We cannot assume that everyone in the world has experienced loss at some point. Some people have gone through life without ever having to lose someone close to them. Some people have lost so many of their loved ones that life becomes almost unbearable. Nevertheless, our society has expected/ prescribed words to relay to someone in response to death regardless of their experience with it. For example, people may say “My prayers are with you”, “My deepest condolences”, “He/She is in a better place (at peace) now”, “please let me know if there is anything I can do” etc. Those phrases might very well come from a place of good and sincere intentions, i.e. to offer support and strength to those who are in grief. However, the author of this article describes how these prescribed phrases serve as platitudes and can oftentimes do nothing to help the bereaved. She refers specifically to a phrase that people say to offer a sense of hope and direction – “everything happens for a reason.”

In fact, many things in life do not happen for a reason. Life is random. Death is random. Thinking that there is a pre-ordained reason that can warrant/ make sense of the loss of someone you loved becomes psychologically catastrophic. As the author beautifully states, “’Some things in life cannot be fixed. They can only be carried.’ Grief is brutally painful. Grief does not only occur when someone dies. When relationships fall apart, you grieve. When opportunities are shattered, you grieve…losing a child cannot be fixed. Being diagnosed with a debilitating illness cannot be fixed…These things can only be carried”

Therefore, the loss of someone you loved cannot be fixed, it can only be carried. In many ways, this devastation can lead to growth. However, the reality of the situation is that it oftentimes doesn’t. Death often destroys lives. The author contends that this is, in part, because “we’ve replaced grieving with advice—with platitudes.… By unleashing platitudes and “fixes” on those we claim to love, we deny them the right to grieve.”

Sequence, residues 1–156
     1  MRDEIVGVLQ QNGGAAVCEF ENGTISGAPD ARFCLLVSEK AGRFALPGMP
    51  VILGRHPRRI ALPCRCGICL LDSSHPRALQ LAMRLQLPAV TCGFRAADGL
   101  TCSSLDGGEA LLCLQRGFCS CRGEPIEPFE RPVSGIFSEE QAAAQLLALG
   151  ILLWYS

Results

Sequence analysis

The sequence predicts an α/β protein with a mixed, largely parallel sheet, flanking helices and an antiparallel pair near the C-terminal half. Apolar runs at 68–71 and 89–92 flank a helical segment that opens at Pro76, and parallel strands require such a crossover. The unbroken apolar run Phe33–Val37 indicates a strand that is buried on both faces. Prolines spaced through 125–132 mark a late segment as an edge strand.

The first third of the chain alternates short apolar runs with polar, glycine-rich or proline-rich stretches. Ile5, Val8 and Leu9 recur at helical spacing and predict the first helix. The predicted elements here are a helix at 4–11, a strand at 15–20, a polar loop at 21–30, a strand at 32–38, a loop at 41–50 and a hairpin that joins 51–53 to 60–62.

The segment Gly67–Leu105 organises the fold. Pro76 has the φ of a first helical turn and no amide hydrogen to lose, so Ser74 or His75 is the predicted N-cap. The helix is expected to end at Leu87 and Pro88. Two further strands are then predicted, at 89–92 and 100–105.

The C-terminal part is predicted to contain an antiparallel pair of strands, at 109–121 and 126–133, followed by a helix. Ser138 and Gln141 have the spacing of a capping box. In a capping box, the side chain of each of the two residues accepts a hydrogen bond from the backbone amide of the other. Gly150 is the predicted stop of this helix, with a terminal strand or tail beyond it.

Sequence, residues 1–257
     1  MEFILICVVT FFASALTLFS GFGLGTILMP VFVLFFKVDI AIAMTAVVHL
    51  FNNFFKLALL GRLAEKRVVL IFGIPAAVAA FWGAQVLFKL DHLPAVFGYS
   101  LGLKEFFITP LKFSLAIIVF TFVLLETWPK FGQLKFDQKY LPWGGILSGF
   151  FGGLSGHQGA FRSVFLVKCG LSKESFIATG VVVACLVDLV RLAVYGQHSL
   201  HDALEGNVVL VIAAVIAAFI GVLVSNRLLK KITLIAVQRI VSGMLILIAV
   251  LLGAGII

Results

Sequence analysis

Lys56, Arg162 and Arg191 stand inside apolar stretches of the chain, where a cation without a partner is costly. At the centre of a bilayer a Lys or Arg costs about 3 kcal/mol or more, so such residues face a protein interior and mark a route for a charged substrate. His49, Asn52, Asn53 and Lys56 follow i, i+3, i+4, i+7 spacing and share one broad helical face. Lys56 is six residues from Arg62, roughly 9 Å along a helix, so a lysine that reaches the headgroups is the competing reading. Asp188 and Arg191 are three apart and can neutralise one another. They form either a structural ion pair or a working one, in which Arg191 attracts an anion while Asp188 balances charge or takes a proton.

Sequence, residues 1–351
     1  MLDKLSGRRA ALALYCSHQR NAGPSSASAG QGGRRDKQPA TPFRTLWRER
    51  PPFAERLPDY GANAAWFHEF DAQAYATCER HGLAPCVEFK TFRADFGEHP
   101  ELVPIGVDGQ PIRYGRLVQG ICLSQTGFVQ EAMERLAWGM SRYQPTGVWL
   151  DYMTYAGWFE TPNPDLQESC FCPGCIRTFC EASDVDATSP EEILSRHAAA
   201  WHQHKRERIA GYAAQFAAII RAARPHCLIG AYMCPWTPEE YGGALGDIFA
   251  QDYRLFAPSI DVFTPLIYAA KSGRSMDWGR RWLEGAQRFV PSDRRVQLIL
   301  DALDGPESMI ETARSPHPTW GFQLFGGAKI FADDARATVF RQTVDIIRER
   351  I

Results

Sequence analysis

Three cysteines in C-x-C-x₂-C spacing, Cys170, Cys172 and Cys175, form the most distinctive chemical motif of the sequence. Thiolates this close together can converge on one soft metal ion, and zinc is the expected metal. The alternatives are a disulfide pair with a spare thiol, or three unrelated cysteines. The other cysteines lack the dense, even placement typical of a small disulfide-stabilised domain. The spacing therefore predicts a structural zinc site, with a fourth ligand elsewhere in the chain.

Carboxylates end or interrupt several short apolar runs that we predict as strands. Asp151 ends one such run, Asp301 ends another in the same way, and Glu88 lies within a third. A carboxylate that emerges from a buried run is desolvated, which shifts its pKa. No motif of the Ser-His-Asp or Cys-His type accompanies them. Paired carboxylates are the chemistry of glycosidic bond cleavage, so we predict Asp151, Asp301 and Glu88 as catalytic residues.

So what’s the solution? We often offer platitudes because we don’t know what else to say. Well, according to the author, the solution is simple. We must simply acknowledge. The most powerful thing we can do is to say is, “I acknowledge your pain. I’m here with you” and say nothing more.

The key here is to say you’re there “with” someone instead of “for” them. Saying that you are there “for” them implies that you are going to do something to fix the situation which is not your place at all. However, standing “with” them in that zone of vulnerability, discomfort, and disbelief can be incredibly empowering.

The Attack on Paris

By now most people have seen the news that Friday night there was a terror attack in Paris. I can only imagine what the people of France and specifically are feeling this morning. This morning when I signed onto my social media accounts I notices a few things that people were posting about the attacks, “stand with paris,” “Paris is in our prays”,  and interestingly enough I saw post that related to how Paris, France reacted to 9/11 and how we should show the same support they showed us. I then when onto the New York Time website and in enlarged letters stays, “Hollande-Blames ISIS for ‘Act of War’ on Paris”.

The article talks about how the president of France is taking on the situation. France has gone into a three day grieving period. According to the New York Times article, they are almost certain that ISIS an Islamic extremist group is behind the attacks. Hollande states that they are prepared to begin fighting if necessary within the guidelines of the law. I am sure as the next few days pass there will be more evidence and information revealed about the attacks but for now it is a time of reflection and mourning for the people involved.

Currently it is believed that 127 people are dead and more than 200 people have been hospitalized. In class we have discussed the idea that we have ritualized death as a way of grieving and it allows us to find a way to move on. Do we have a ritual for death when it comes to terror attacks. In the post 9/11 world the term terror attacks has been used mainly to describe an attack made by extremist groups on certain countries. The United States especially New Yorkers, I being one of them remember quiet well that day when all things changed in New York. How do people grieve the deaths of innocent individuals killed in such attacks? Does the pain ever go away?